Level 1: Observable inputs such as quoted prices in active markets;

Level 2: Inputs, other than the quoted prices in active markets, that are observable either directly or indirectly; and

Level 3: Unobservable inputs in which there is little or no market data, which require the reporting entity to develop its own assumptions.

As of March 31, 2019 and 2018, the company did not have any financial instruments that are measured on a recurring basis as Level 1, 2 or 3.

Reclassification

Certain accounts in the prior period were reclassified to conform to the current period financial statements presentation.

Recent Accounting Pronouncements

Recently Adopted Standards. The following recently issued accounting standards were adopted during fiscal year 2019:

In May 2014, the FASB issued ASU No. 2014-09, Revenue from Contracts with Customers, which supersedes nearly all existing revenue recognition standards under U.S. GAAP. The new standard provides a five-step process for recognizing revenue that depicts the transfer of promised goods or services to customers in an amount that reflects the consideration to which the entity expects to be entitled in exchange for those goods or services. The Company adopted this ASU using the full retrospective method effective April 1, 2018. The impact of adoption of this ASU was immaterial and, accordingly, there were no changes to the previously issued financial statements for the year ended March 31, 2018.

In August 2016, the Financial Accounting Standards Board (“FASB”) issued Accounting Standards Update (“ASU”) No. 2016-15, Statement of Cash Flows, Classification of Certain Cash Receipts and Cash Payments. The new standard is intended to reduce diversity in practice in how certain cash receipts and cash payments are classified in the statements of cash flows and must be adopted retrospectively for each prior reporting period presented upon initial adoption. ASU 2016-15 was adopted effective April 1, 2018 and did not have a material impact on the Company’s consolidated financial statements for the years ended March 31, 2018 and 2019 . Accordingly, there were no transactions that required retrospective adjustments in the consolidated statements of cash flows for the year ended March 31, 2018.

In May 2017, the FASB issued ASU No. 2017-09, Compensation—Stock Compensation: Scope of Modification Accounting, which provides clarification on when modification accounting should be used for changes to the terms or conditions of a share-based payment award. This standard does not change the accounting for modifications of share-based payment awards but clarifies that modification accounting guidance should only be applied if there is a change to the value, vesting conditions, or award classification and would not be required if the changes are considered non-substantive. This standard was adopted by the Company in the first quarter of fiscal 2019 and did not have a material impact on its consolidated financial statements.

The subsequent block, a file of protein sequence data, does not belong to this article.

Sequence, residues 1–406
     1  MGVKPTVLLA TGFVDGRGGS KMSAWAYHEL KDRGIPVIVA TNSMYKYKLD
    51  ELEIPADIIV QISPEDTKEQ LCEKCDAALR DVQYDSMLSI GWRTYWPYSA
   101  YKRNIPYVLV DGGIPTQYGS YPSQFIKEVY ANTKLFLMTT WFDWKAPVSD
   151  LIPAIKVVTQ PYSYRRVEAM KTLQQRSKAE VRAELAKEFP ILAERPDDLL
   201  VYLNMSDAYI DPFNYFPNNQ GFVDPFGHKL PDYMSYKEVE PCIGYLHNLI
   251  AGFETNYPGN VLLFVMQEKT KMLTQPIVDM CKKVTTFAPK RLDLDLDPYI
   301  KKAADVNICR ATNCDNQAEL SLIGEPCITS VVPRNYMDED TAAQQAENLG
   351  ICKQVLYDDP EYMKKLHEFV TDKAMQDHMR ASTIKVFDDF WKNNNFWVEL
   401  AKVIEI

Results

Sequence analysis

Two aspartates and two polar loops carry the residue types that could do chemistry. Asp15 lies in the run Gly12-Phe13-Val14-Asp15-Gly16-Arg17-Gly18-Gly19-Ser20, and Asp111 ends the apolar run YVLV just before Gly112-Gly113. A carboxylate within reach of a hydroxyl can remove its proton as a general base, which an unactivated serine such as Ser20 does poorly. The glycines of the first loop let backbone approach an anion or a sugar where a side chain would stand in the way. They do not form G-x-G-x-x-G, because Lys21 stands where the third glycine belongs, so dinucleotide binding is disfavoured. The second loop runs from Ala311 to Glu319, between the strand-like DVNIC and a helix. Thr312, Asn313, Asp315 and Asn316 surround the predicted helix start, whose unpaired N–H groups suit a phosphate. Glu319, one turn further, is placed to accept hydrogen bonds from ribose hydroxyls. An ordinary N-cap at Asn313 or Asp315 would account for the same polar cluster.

Standards Required to be Adopted in Future Years.

In June 2016, the FASB issued ASU 2016-13, Financial Instruments - Credit Losses (Topic 326): Measurement of Credit Losses on Financial Instruments. ASU 2016-13 amends the guidance on the impairment of financial instruments. This update adds an impairment model (known as the current expected credit losses model) that is based on expected losses rather than incurred losses. Under the new guidance, an entity recognizes, as an allowance, its estimate of expected credit losses. In November 2018, ASU 2016-13 was amended by ASU 2018-19, Codification Improvements to Topic 326, Financial Instruments – Credit Losses. ASU 2018-19 changes the effective date of the credit loss standards (ASU 2016-13) to fiscal years beginning after December 15, 2021, including interim periods within those fiscal years. Further, the ASU clarifies that operating lease receivables are not within the scope of ASC 326-20 and should instead be accounted for under the new leasing standard, ASC 842. The Company does not believe that the impact of adopting this standard will have a material effect on its financial statements .

     In February 2016, the FASB issued ASU No. 2016-02, Leases (Topic 842). The new guidance will require lessees to recognize a right-of-use asset and a lease liability for virtually all leases, other than leases with a term of 12 months or less, and to provide additional disclosures about leasing arrangements. The Company will adopt this standard as of April 1, 2019, the first day of its 2020 fiscal year, using the modified retrospective approach. The Company will elect an optional practical expedient to retain its current classification of leases, and as a result, anticipates that the initial impact of adopting this new standard on its consolidated statement of operations and consolidated statement of cash flows will result in a lease liability of approximately $140,000 and a right of use asset of approximately $124,000. The Company’s undiscounted minimum lease commitments under its operating leases are disclosed in Note 9.

The Company has evaluated other recent accounting pronouncements through June 2019 and believes that none of them will have a material effect on our consolidated financial statements.